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Dear Data Geeks,

you may have asked yourself how forecasting in SAP Visual Intelligence works behind the scenes. I want to shade some light into this area and will try to protect you from some heavy maths reading. If you like the maths stuff, then you will be perfectly happy with the last paragraph in this Wikipedia article on “Triple Exponential Smoothing”:

This is the article our developers are referring to when we start asking too many questions 🙂

Let’s start simple and assume that your actual data shows the following behavior:

– a linear trend

– seasonal periods of a cycle length L

and you have at least two full cycles of actual data to base the forecast onto. Then the forecast in SAP Visual Intelligence forecasts the data for the next future period (no more than just one period to protect the user from granting too much trust into this and keep things simple :-).

The algorithmn is using past actual data to forecast the future. The word “exponential” in the name of the algorithmn means roughly speaking that the weight of older data in the computation is decreasing exponentially with time and impacts the forecast function less than newer data.

Example: We will use historic data of milk production in pounds per cow for each month from 1962 to 1975 and will VI to forecast the year 1976 (and note the in the current version 1.0.7 VI doesn’t forecast more into the future such as up to 2012 or so as I explained a minute ago).

Forecasting milk.png

This milk production is obviously

– growing year-over-year (and we will assume linear growth)

– periodic with cycle length L = 12 months (cows give more milk in summer)

And we are happy enough to have more than two full cycles of actual data (infact we have 14 full years, which makes the forecast very accurate)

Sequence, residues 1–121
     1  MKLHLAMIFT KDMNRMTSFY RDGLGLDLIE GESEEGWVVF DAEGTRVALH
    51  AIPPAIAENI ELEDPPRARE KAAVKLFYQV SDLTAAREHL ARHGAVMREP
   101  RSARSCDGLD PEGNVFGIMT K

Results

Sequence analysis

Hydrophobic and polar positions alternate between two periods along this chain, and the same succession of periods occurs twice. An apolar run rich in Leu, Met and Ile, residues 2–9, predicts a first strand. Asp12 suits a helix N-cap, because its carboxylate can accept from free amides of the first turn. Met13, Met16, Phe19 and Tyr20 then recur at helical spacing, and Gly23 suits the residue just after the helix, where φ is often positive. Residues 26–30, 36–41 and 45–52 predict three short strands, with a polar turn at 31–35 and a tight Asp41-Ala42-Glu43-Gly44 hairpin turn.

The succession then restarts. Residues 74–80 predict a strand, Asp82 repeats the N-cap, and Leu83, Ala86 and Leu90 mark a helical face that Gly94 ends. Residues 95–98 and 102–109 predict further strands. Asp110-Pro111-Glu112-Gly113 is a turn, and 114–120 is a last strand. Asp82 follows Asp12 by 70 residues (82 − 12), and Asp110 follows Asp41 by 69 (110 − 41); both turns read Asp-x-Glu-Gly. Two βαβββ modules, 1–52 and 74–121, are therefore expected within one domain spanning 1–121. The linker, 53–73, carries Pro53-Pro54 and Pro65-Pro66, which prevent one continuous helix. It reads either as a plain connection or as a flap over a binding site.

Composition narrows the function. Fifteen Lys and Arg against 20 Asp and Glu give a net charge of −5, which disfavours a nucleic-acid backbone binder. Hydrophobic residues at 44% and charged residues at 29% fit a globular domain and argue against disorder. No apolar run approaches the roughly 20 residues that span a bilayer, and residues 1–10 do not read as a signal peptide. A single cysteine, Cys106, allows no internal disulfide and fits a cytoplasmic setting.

If we create the forecast as shown in the screenshot above we will be asked a cycle length, which is obviously 12 months:

Cycle Length.png

And we get this Forecast (green line) versus actual data (blue line) – I changed to line chart for better visibility (forecasting is currently only available for line and bar charts on time hierachies as x-Axis):


You can see that the forecast function fits the data as of the second cycle (1963) pretty well and predicts milk production for one future cycle here being 1976. The reason why our developers decided to forecast only one cycle is to stay within the range where the algorithmn has a chance to predict accuratly (and also to keep usability simple).

SAP Visual Intelligence displays the “forecast” data for date where there is actual data available in order to allow the user to make their own judgement about the forecast relevance or accuracy with respect to their own data. The chart below shows an example where the forecast doesn’t work well at all and this is UK crime statictical data (blue: actuals; green: forecast; yellow: linear regression).

sapvi_businessgraphics_line_HB_Recorded_crime_1990_2012_xlsx_DataSet8518300113308177334 (2).png